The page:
Padilla’s sentence is substantively unreasonable because it does not adequately reflect his criminal history, does not adequately account for his risk of recidivism, was based partly on an impermissible comparison to sentences imposed in other terrorism cases, and was based in part on inappropriate factors …

As the dissenting judge explained, this decision is extraordinary because trial judges — not judges sitting afterward on appeal — are the ones who hear all the evidence and thus have very wide discretion to determine the appropriate sentence. But more so, in this case, a sentence less than the full maximum was warranted because “the trial judge correctly concluded that a sentence reduction is available to offenders who have been subjected to extraordinarily harsh conditions of pre-trial confinement.” About that point, the dissenting judge documented:

Padilla presented substantial, detailed, and compelling evidence about the inhumane, cruel, and physically, emotionally, and mentally painful conditions in which he had already been detained for a period of almost four years. For example, he presented evidence at sentencing of being kept in extreme isolation at he military brig in South Carolina where he was subjected to cruel interrogations, prolonged physical and mental pain, extreme environmental stresses, noise and temperature variations, and deprivation of sensory stimuli and sleep.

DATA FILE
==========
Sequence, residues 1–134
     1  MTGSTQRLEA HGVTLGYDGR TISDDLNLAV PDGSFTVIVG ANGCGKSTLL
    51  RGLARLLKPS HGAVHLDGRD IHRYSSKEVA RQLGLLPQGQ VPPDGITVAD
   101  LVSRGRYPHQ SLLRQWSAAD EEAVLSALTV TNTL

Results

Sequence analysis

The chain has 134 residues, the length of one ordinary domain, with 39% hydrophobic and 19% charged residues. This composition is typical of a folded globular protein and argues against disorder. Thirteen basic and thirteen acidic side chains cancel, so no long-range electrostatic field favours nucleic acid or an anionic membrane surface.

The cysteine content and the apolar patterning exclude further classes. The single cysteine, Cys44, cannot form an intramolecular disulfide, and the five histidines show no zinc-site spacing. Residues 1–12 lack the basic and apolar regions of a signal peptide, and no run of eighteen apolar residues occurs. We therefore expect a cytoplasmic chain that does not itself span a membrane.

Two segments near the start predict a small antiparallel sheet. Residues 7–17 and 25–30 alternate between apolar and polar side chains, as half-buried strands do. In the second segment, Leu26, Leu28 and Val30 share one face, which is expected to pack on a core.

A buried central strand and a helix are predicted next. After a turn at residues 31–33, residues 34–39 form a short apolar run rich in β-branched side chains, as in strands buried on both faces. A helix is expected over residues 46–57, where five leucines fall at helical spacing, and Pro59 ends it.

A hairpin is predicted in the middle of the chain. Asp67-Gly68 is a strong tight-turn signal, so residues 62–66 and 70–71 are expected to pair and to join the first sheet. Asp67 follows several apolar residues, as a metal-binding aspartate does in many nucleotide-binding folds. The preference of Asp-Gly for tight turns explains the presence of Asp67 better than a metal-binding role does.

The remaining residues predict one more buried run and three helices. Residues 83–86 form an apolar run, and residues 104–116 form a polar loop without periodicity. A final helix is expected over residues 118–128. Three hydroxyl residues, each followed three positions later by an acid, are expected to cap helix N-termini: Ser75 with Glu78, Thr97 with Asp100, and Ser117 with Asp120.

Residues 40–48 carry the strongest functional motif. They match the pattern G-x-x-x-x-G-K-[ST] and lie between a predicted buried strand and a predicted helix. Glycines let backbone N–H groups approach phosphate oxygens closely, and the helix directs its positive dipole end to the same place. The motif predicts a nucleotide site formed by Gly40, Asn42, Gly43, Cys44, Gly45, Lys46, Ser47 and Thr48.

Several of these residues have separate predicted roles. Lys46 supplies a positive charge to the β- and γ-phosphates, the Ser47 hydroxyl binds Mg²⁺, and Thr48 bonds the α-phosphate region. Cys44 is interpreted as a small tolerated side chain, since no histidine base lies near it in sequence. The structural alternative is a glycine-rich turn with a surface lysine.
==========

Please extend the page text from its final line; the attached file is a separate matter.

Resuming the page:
In sentencing Padilla, the trial judge accepted the facts of his confinement that had been presented both during the trial and at sentencing, which also included evidence about the impact on one’s mental health of prolonged isolation and solitary confinement, all of which were properly taken into account in deciding how much more confinement should be imposed. None of these factual findings, nor the trial judge’s consideration of them in fashioning Padilla’s sentence, are challenged on appeal by the government or the majority.

Read the rest here at Salon.com.